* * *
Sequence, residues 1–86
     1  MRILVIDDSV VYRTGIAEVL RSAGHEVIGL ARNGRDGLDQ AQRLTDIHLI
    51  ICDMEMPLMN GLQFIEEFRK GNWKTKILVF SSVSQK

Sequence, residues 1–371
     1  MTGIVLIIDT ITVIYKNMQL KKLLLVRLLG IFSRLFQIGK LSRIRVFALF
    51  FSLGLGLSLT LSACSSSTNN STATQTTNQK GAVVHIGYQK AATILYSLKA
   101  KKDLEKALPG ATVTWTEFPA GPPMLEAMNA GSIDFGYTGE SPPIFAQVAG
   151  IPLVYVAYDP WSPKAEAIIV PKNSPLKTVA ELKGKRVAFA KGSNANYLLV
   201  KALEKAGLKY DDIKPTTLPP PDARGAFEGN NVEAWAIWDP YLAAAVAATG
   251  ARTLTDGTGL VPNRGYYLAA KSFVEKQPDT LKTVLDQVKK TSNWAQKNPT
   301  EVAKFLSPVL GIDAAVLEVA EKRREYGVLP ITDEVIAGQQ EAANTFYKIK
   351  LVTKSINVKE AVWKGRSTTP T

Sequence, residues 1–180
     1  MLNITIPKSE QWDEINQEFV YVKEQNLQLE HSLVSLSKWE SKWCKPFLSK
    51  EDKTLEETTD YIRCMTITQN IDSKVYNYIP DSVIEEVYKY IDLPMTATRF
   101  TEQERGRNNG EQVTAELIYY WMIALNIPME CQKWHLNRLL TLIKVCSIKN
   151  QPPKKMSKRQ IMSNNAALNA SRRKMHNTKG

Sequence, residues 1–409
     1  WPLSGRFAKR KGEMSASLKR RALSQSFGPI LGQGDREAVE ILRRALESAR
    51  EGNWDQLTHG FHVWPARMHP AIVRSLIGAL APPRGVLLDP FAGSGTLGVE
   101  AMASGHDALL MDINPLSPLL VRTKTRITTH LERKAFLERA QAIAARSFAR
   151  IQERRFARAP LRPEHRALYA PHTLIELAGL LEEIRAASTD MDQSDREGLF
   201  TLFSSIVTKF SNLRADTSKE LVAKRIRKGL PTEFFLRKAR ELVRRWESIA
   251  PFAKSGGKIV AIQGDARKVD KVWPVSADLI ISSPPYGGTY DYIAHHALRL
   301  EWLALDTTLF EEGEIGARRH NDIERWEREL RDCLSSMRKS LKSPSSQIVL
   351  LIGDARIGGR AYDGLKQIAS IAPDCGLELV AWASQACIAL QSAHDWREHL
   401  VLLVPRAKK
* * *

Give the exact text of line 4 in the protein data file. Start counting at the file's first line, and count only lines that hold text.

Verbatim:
Sequence, residues 1–371